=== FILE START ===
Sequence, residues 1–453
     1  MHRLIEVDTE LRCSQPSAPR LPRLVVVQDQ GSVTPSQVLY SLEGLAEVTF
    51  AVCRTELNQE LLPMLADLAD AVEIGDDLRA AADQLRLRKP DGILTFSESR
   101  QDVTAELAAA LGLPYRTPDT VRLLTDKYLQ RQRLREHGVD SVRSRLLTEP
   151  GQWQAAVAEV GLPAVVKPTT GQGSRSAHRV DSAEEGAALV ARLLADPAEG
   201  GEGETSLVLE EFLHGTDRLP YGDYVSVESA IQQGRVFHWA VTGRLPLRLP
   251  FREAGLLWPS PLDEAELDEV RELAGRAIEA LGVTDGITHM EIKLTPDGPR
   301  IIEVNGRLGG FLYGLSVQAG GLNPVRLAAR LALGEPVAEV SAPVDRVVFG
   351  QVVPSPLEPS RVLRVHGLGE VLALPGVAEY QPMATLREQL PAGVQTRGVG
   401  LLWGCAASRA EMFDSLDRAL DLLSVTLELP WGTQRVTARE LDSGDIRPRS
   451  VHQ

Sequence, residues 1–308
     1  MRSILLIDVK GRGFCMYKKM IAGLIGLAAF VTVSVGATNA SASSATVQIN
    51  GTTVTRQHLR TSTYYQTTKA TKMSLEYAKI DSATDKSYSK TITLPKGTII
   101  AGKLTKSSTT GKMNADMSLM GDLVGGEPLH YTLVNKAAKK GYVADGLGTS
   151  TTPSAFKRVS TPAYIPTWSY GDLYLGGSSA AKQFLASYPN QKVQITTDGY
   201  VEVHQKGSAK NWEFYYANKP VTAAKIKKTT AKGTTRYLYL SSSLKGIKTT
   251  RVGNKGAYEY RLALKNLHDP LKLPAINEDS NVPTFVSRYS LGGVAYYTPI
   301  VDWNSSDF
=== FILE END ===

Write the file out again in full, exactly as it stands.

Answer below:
Sequence, residues 1–453
     1  MHRLIEVDTE LRCSQPSAPR LPRLVVVQDQ GSVTPSQVLY SLEGLAEVTF
    51  AVCRTELNQE LLPMLADLAD AVEIGDDLRA AADQLRLRKP DGILTFSESR
   101  QDVTAELAAA LGLPYRTPDT VRLLTDKYLQ RQRLREHGVD SVRSRLLTEP
   151  GQWQAAVAEV GLPAVVKPTT GQGSRSAHRV DSAEEGAALV ARLLADPAEG
   201  GEGETSLVLE EFLHGTDRLP YGDYVSVESA IQQGRVFHWA VTGRLPLRLP
   251  FREAGLLWPS PLDEAELDEV RELAGRAIEA LGVTDGITHM EIKLTPDGPR
   301  IIEVNGRLGG FLYGLSVQAG GLNPVRLAAR LALGEPVAEV SAPVDRVVFG
   351  QVVPSPLEPS RVLRVHGLGE VLALPGVAEY QPMATLREQL PAGVQTRGVG
   401  LLWGCAASRA EMFDSLDRAL DLLSVTLELP WGTQRVTARE LDSGDIRPRS
   451  VHQ

Sequence, residues 1–308
     1  MRSILLIDVK GRGFCMYKKM IAGLIGLAAF VTVSVGATNA SASSATVQIN
    51  GTTVTRQHLR TSTYYQTTKA TKMSLEYAKI DSATDKSYSK TITLPKGTII
   101  AGKLTKSSTT GKMNADMSLM GDLVGGEPLH YTLVNKAAKK GYVADGLGTS
   151  TTPSAFKRVS TPAYIPTWSY GDLYLGGSSA AKQFLASYPN QKVQITTDGY
   201  VEVHQKGSAK NWEFYYANKP VTAAKIKKTT AKGTTRYLYL SSSLKGIKTT
   251  RVGNKGAYEY RLALKNLHDP LKLPAINEDS NVPTFVSRYS LGGVAYYTPI
   301  VDWNSSDF